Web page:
- Same as above reply; your opinion matters. Try it out for yourself and evaluate. I didn't control Hawke all the time, just when my companions are dying or dead, or when I need to toy around with the physical force spells. I try to keep him near them most of the time to make use of the Healing Aura's effect.
- Archery rogue, hmph... is it boring because it's so easy to find the proper build? Well, the purpose of rogues, other than trap-disarming and lock-picking, is to just deal tons of damage, more especially the ranged one.
- As for the Arishok versus Hawke, using this build, YES, you can... but very, very unlikely; possible but improbable. What you can do if you're really that insane is, go run-and-gun. Use Gravitic Ring as often as you can. Even if you are successful in doing so, it would have taken you hours, depending on the difficulty (maybe less than half an hour in Casual). Since this is a support mage, it should never strike alone; battle against with the Qunari with Hawke's formidable companions!
I forgot to add: Hawke is still unaffected by Telekinetic Burst, Pull of the Abyss, and Gravitic Ring, even if standing within the area of effect. This also applies on Nightmare difficulty. I don't know about Fist of the Maker, though, as I don't use it, and I can't; I keep Healing Aura on all the time. I'm playing in the ps3.
These spells that deal physical force can still affect your allies in the mentioned difficulty, but the things are, you can order them to move away (or carefully place the spell), and even if the spell gets them, they aren't damaged; they're just thrown away or sucked toward.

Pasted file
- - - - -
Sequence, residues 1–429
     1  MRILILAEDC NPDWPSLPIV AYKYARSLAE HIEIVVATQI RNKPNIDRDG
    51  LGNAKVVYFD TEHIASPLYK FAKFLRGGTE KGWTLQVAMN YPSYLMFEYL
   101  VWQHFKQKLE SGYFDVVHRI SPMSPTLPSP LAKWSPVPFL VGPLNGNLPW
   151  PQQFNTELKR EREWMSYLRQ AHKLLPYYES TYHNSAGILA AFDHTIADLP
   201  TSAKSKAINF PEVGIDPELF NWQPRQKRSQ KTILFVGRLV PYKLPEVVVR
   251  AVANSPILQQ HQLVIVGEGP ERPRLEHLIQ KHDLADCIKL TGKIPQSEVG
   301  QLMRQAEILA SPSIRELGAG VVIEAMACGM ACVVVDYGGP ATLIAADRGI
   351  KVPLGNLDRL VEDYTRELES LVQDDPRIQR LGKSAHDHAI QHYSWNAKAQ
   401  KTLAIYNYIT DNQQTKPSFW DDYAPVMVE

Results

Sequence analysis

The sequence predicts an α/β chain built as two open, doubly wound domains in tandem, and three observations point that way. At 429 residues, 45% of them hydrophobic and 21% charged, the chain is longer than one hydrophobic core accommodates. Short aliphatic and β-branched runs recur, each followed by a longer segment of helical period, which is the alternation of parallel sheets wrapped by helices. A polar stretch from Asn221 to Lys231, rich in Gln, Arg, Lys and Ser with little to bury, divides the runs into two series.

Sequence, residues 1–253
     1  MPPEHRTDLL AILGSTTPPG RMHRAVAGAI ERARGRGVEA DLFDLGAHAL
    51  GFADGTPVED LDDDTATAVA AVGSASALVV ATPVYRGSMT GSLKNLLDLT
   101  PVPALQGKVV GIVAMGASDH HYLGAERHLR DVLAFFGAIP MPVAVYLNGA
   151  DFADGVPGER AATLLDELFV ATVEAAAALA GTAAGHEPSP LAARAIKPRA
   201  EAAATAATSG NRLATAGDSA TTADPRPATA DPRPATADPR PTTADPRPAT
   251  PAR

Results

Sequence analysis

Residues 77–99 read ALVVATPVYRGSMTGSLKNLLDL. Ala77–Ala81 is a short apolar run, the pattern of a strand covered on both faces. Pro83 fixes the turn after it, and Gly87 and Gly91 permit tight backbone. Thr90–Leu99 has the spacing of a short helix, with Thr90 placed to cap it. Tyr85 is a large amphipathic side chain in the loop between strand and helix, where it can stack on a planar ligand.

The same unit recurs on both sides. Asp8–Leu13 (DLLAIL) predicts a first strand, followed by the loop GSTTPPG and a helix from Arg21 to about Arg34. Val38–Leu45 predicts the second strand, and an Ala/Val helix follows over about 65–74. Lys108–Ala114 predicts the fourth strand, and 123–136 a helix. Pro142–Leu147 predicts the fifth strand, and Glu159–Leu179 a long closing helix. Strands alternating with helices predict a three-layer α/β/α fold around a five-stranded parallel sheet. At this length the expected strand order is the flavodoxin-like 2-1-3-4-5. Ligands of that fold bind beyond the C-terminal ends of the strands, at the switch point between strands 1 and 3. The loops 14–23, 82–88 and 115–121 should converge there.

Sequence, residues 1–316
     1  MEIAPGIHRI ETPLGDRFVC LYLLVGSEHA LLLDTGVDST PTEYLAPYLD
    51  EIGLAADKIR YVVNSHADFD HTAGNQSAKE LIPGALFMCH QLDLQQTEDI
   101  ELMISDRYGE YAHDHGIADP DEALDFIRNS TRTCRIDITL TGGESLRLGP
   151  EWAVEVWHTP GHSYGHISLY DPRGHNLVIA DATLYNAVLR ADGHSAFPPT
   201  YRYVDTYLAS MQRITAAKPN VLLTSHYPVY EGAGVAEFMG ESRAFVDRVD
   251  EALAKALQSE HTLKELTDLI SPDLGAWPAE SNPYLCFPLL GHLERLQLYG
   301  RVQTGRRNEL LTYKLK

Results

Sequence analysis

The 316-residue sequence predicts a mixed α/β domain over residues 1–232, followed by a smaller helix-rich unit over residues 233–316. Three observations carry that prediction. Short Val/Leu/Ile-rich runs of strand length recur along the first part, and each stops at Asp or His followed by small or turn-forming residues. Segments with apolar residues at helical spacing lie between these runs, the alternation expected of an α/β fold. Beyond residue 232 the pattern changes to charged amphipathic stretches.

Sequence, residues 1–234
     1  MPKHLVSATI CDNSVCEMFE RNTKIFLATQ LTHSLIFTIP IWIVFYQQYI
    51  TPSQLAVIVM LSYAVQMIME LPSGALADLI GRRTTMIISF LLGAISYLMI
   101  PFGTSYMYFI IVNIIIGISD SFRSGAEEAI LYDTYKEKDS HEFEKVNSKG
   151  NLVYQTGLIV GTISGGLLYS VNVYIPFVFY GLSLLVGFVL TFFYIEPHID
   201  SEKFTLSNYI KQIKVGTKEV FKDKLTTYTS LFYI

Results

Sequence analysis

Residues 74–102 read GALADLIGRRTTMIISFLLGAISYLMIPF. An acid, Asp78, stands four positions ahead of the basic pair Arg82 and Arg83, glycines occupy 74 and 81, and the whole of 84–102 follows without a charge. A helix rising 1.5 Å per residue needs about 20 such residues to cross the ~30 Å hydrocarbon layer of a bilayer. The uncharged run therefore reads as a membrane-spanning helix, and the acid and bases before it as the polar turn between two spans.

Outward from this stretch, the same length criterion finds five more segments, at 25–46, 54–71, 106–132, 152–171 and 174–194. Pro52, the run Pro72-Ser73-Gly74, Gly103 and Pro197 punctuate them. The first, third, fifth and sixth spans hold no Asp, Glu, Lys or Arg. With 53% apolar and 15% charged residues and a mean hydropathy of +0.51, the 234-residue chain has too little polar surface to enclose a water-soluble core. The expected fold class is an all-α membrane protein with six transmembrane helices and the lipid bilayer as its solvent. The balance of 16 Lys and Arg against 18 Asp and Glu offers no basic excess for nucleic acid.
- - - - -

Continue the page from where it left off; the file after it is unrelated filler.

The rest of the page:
- A high Cunning and Constitution level would help too. Trollyfaec (talk) 20:27, October 24, 2011 (UTC)Trollyfaec, Oct. 24, 2011
I think the best build for your mage all depends on your playing style. I myself go with Elemental/Spirit Healer. Only reason is cause I like to deal lots of damage but be able to heal myself and party members if need be. I haven't tried a full out Blood Mage or Force Mage yet. Emmalee (talk) 23:28, October 24, 2011 (UTC)
- I usually take Spirit Healer for the big constitution bonus. I make sure I have Crushing Prison, Horror, and fill out the Elemental tree. With this build, you can deal, heal, and watch 'em squeal. Yeah, that was weak, I know. LVTDUDE (talk) 23:45, October 24, 2011 (UTC)
I did a run through Nightmare with little difficulty using the Elemental (full), Primal (full tree but only lighting spells were upgraded), Force (full tree but no upgrades till level 28), and Entropy (Horror, Misdirection, & Torment, all upgraded), and a 1 point dip into Creation for some pinch healing. I used Force Spells to cluster enemies together or keep them from attacking, Elemental/Primal spells to deal damage, and the Hexes/Petrify to control priority targets and major threats (Gravity Ring works well too if you trap an assassin or large monster right at the center, hell a lot of enemies can be perma-stunned by cycling these spells). Usually used Aveline to tank with Isabela and Varric to deal good damage in a short time periods, often forgoing the need for a healer. I will admit this lead to more than one boss fight devolving into a one on one with only Hawke standing by the end.... but that suited me fine, especially in the High Dragon and Corypheus fights.--188.8.131.52 (talk) 13:47, October 25, 2011 (UTC)
This weekend I started yet another DA2 playthru as a "non-lethal" mage, and I have to say it is kinda fun. I'm currently probably 1/4 of the way through Act 2, and currently roughly 1/2 to 2/3 of the way through Legacy. I have yet to get Gravitic Ring or Pull of the Abyss. Key spells early on are the Glyphs, especially once they're upgraded. The only major annoyances so far are the Genlock Alpha's, as they don't seem to be affected by the Glyphs. I haven't decided yet if I'm going to dual the Arishock one-on-one or not. Gruedragon (talk) 12:48, October 31, 2011 (UTC)
- Nice, hahaha! Too bad I don't have any DLCs yet.